Women and Economy event highlights inequalities
Published on 11 March 2020 3 minutes read
Rt Rev Colin Sinclair joined Ruth Maguire MSP, convener of the Equalities and Human Rights Committee, at the Scottish Parliament to co-host a discussion and networking session on Women and Economics.
"Many of the issues that we work on as a church are born from listening to those with lived experience of an issue," the Moderator told the gathering.
"Gender justice is an area that we have prioritised in recent years. We recognise that gender inequality is a key driver of poverty, gender-based violence and a fundamental denial of women's rights – which is a detriment to all those who live within our communities.
"Women and girls make up the majority group of those living in poverty – in this country and overseas. They have fewer resources, less power and less influence in decision making in comparison to men.
"As a Church that wants to end poverty and challenge inequality, we decided to run a pilot project in a variety of areas across Scotland that would empower women in the area of economics."
The meeting was part of an annual two-day visit to parliament where the Moderator meets party leaders and MSPs, learns about the work of the parliament and engages in conversations about the issues of the day. It is also an opportunity to discuss the work underway in churches across Scotland.
Economic decisions can seem remote
The Women and Economics event showcased a series of crash courses piloted across Scotland. Partnering with the charity Economy, the Church designed and organised courses in Edinburgh, Glasgow, Cranhill and Dundee – aimed at helping women learn about and engage with economics in a way that would empower them in their everyday lives.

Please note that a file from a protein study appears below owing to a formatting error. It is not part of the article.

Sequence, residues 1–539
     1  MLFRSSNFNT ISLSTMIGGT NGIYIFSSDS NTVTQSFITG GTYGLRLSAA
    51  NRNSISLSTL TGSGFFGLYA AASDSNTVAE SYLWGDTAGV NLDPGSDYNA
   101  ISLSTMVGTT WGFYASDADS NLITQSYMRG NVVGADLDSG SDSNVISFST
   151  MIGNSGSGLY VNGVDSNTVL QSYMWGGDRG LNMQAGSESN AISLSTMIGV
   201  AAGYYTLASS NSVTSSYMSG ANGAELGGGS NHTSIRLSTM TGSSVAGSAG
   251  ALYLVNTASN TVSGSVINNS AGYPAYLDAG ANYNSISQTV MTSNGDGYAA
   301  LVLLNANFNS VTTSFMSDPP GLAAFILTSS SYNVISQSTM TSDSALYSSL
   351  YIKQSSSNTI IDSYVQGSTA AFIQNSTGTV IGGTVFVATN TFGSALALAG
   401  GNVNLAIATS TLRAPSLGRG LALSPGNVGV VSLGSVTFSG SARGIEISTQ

The work was based on research showing that women are considerably less likely to be formally involved in economics than men.
In her introduction to the event, Ruth Maguire MSP said the topic matters to us all.
"Economics and indeed politics can sometimes seem like something that is done to people, something remote and far away from folk and particularly from those communities who too often bear the brunt of the economic decisions taken elsewhere," she said.
"From an equalities and human rights perspective that is something that we must change.
"Some of the things I reflect on are:
What is the impact of the fact that economists are twice as likely to be men as women?
Who benefits if economics isn't accessible or understandable to a lot of people?
And what difference does it make when women are aware of the impact of economics on their rights?"
Women bear brunt of unpaid work
Three volunteers who ran the programme in Cranhill spoke about their experiences. Meemi Matero, Daisy Jamieson and Rosie Hampton said the course allowed for an exchange of learning and everyone who participated gained a new understanding of economics and how our current economic system affects them.
The volunteers highlighted the fact that a good deal of the care work, that is principally carried out by women, is not assigned a monetary value and is excluded from consideration and discussion. And they emphasised that men, as well as women, need to understand how women's unpaid work holds up the economy, as support from men will be essential to achieving full economic equality.
Alison Johnstone MSP, Gillian Martin MSP, Elaine Smith MSP and Ken MacIntosh MSP and Ivan McKee MSP, also attended the event. Participants also watched a short video produced by The Guardian for Economy, which was part of the inspiration for the Church's involvement in the project.